INTERVIEW: Royce Da 5'9" Discusses 'Book Of Ryan,' Mental Health & More
By Isha Thorpe
June 19, 2018
Royce Da 5'9" easily delivered one of the best rap albums of 2018 when he blessed his fans with Book Of Ryan. The project was the rapper's 7th studio album and almost everyone who's heard the LP says that it's Royce's best album to date. Lucky No. 7, indeed.
A little while before Book Of Ryan made its debut -- which was on May 4 -- Royce also released the PRhyme 2 album with DJ Premier. That just looked like the warm up for the MC because as soon as Book Of Ryan dropped, hip hop fans were completely blown away. Book Of Ryan consists of 21 tracks. Once you begin listening to the project, you'll quickly realize that there isn't another rap LP out there like it at the moment.
It's produced by the likes of Boi-1da, S1, DJ Khalil, Mr. Porter, Illmind, Frank Dukes and much more. As far as features go; fellow recording artists who assisted Royce on cuts are Eminem, Pusha T, J. Cole, Jadakiss, Marsha Ambrosius, Logic, Boogie, Fabolous, T-Pain, among others.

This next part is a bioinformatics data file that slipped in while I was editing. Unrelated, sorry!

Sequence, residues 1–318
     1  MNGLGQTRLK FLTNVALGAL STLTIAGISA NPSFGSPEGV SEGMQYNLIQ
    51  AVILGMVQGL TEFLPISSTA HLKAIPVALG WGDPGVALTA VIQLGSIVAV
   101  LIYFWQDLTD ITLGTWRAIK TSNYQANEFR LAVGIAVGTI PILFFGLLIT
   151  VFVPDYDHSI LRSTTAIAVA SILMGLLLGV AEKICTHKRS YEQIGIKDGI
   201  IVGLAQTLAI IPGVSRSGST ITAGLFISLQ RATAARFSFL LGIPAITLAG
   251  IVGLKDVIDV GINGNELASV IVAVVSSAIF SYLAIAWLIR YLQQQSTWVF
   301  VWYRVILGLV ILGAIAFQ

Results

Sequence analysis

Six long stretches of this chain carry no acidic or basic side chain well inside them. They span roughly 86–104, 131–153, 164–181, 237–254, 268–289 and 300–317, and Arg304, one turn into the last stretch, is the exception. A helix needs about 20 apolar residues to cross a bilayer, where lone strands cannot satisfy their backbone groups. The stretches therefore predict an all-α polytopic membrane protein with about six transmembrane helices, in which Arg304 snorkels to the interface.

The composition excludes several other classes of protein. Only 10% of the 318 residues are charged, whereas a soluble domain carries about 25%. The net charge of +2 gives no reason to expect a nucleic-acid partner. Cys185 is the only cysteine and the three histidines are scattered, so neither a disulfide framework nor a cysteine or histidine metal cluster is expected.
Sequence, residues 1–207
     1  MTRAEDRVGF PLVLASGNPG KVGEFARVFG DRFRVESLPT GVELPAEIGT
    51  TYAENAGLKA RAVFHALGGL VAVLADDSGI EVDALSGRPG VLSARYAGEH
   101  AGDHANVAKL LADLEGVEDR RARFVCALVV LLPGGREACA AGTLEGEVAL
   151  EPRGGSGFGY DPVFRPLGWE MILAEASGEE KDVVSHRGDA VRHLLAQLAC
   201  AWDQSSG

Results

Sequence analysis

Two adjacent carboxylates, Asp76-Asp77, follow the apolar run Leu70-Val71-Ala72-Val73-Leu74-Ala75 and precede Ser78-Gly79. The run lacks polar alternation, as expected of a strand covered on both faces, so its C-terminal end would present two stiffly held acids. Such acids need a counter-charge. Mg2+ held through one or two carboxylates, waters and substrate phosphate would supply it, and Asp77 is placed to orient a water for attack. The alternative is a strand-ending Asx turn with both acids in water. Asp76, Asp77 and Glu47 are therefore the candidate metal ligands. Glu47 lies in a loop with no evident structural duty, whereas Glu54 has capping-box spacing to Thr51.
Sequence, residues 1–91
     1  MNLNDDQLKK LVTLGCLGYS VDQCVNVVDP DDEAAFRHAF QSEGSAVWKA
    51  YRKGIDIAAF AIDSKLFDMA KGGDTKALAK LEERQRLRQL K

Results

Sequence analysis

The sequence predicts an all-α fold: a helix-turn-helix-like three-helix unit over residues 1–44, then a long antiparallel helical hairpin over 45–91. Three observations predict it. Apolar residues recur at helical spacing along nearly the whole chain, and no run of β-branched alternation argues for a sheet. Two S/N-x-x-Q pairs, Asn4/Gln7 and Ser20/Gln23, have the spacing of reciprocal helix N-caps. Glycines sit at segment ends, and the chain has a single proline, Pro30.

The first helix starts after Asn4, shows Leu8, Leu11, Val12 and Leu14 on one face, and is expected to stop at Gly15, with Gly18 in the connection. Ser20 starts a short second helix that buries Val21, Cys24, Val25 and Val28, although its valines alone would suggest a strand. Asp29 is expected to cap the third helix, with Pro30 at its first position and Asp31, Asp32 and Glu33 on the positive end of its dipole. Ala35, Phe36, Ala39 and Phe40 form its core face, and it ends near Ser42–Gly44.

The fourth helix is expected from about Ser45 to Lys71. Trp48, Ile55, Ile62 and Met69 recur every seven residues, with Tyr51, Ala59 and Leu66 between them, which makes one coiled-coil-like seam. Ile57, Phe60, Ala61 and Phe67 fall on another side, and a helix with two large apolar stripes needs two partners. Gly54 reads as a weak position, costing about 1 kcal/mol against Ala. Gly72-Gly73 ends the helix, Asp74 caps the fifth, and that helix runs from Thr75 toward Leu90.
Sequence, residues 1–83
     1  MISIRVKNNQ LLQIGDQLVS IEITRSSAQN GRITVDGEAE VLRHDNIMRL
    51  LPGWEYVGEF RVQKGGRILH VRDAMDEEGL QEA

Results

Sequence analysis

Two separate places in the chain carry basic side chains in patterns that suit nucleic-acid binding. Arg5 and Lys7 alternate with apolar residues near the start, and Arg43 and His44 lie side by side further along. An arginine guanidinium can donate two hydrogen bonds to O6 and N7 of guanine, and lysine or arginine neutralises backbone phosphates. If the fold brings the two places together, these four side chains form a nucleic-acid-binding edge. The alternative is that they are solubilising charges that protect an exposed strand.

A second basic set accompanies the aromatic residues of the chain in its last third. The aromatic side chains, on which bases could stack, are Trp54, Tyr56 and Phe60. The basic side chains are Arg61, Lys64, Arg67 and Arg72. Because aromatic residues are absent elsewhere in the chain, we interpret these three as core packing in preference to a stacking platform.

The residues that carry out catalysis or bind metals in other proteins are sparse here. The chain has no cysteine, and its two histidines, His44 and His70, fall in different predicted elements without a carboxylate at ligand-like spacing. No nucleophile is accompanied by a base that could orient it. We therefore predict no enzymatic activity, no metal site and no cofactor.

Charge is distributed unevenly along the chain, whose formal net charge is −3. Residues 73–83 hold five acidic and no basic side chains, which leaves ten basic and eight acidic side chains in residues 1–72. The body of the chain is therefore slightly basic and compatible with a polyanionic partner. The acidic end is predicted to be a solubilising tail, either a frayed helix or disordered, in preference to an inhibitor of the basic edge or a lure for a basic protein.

From beginning to end, Book Of Ryan is undoubtably as real as albums and their messages get. Royce digs deep into the personal moments in his life -- the good, bad and ugly included -- that shaped him into the man he is today. The MC uses his thought-provoking lyrics to open up about his youth, overcoming alcoholism, mental health and much more. Book Of Royce is definitely a project that will have you thinking things you've never thought of before, and feeling unexpected emotions you were ready for.
iHeartRadio spoke to Royce Da 5'9" about his album and a lot more. Peep our conversation with the lyricist below. You can cop Book Of Ryan here.
Your fans say that Book Of Ryan is your best work yet. Do you agree?
Yeah, I agree. The only thing about that is when we make music, we can only judge it based off of the way that it ages. So, it's pretty hard to say right now. Hopefully in like two, three months we can look at it in retrospect and still say the same thing. But, I will say that it was designed to be my best.